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Customers will pay more today if there’s payback later, shows equal billing study

May 7, 2015

TORONTO, ON – What’s not to like about get­ting a refund?

It’s a pos­si­bil­i­ty under equal billing plans, where con­sumers are charged the same amount every month for con­sump­tion-based ser­vices such as ener­gy or water. Those billings are lat­er rec­on­ciled with actu­al usage, usu­al­ly at the end of the year, lead­ing to either a refund for over­pay­ment, or an extra charge.

Con­sumers like the pre­dictabil­i­ty — no more shock­er whop­per bills for occa­sion­al usage spikes such as crank­ing the air con­di­tion­er dur­ing a heat­wave. Ser­vice providers like them too. They get mon­ey upfront, can low­er their oper­at­ing costs and face low­er risks of cus­tomers not pay­ing their bills.

But a study of the best ways to struc­ture equal billing plans says that smart com­pa­nies should set them up so that cus­tomers get mon­ey back at the end of the term. Not only do they think they pre­fer to pay a lit­tle more each month to make sure they get that refund lat­er but after hav­ing expe­ri­enced a refund they are more sat­is­fied and more loy­al.

It’s an irra­tional atti­tude for con­sumers to have but, “if com­pa­nies don’t con­sid­er it, they may end up los­ing cus­tomers, pri­mar­i­ly because com­pa­nies end up mak­ing their cus­tomers less hap­py than they could be,” says study co-author Nina Mažar, an asso­ciate pro­fes­sor of mar­ket­ing at the Uni­ver­si­ty of Toronto’s Rot­man School of Man­age­ment.

The team of researchers stud­ied the atti­tudes and actu­al behav­iours of home elec­tric­i­ty cus­tomers in Ger­many, where equal billing is used exclu­sive­ly. Besides pre­fer­ring high­er equal bills result­ing in a refund over low­er equal bills result­ing in an extra pay­ment at the year end, refund-cus­tomers were more will­ing to rec­om­mend the com­pa­ny to friends, were less focused on the size of their pay­ments and were less like­ly to switch providers than extra pay­ment-cus­tomers.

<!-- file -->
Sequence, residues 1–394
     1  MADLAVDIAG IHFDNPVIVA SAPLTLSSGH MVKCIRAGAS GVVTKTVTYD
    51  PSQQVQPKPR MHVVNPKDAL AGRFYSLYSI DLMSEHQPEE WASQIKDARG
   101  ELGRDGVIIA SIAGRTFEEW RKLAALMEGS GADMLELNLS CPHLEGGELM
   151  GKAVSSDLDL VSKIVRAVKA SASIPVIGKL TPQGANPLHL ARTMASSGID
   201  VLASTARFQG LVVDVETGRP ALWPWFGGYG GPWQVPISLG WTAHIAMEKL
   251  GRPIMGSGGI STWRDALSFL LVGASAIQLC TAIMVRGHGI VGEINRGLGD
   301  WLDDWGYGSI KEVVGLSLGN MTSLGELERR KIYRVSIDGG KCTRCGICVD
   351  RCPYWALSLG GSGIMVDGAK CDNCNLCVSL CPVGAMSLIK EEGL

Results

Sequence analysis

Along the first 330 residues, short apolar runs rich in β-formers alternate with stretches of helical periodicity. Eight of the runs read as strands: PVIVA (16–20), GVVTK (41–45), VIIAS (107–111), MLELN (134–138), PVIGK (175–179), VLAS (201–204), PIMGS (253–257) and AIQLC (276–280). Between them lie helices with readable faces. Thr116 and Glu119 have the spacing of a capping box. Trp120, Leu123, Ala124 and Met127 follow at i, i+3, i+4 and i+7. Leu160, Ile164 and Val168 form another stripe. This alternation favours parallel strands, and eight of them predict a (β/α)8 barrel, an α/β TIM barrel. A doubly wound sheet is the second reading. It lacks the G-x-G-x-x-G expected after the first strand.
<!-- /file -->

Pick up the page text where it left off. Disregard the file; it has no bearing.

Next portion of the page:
But the study also found you can have too much of a good thing.  Get­ting a sig­nif­i­cant­ly large refund led to less pos­i­tive con­sumer feel­ings, prob­a­bly because they fig­ured out that they were being con­sid­er­ably over­billed the rest of the year and could have used the mon­ey in more pro­duc­tive ways.

“It does­n’t real­ly make sense from a nor­ma­tive per­spec­tive to be hap­pi­er with a refund than an extra pay­ment sequence, yet peo­ple pre­fer to make this ‘finan­cial mis­take’ – at least with­in a range” says Prof. Mažar.

Com­pa­nies already offer­ing equal billing may want to con­sid­er small increas­es in month­ly billings to increase the chance of issu­ing a refund at the end of the pay peri­od, the paper sug­gests. They could also give cus­tomers the option of an increase.

The paper was co-writ­ten with researchers from Uni­ver­si­ty of Toronto’s part­ner uni­ver­si­ty the Goethe-Uni­ver­si­ty Frank­furt and from WHU — Otto Beisheim School of Man­age­ment. It is forth­com­ing in the upcom­ing Sep­tem­ber issue of the Inter­na­tion­al Jour­nal of Research in Mar­ket­ing.

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The Rot­man School of Man­age­ment is locat­ed in the heart of Canada’s com­mer­cial and cul­tur­al cap­i­tal and is part of the Uni­ver­si­ty of Toron­to, one of the world’s top 20 research uni­ver­si­ties. The Rot­man School fos­ters a new way to think that enables our grad­u­ates to tack­le today’s glob­al busi­ness chal­lenges.  For more infor­ma­tion, vis­


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Ken McGuf­fin
Man­ag­er, Media Rela­tions
Rot­man School of Man­age­ment
Uni­ver­si­ty of Toron­to
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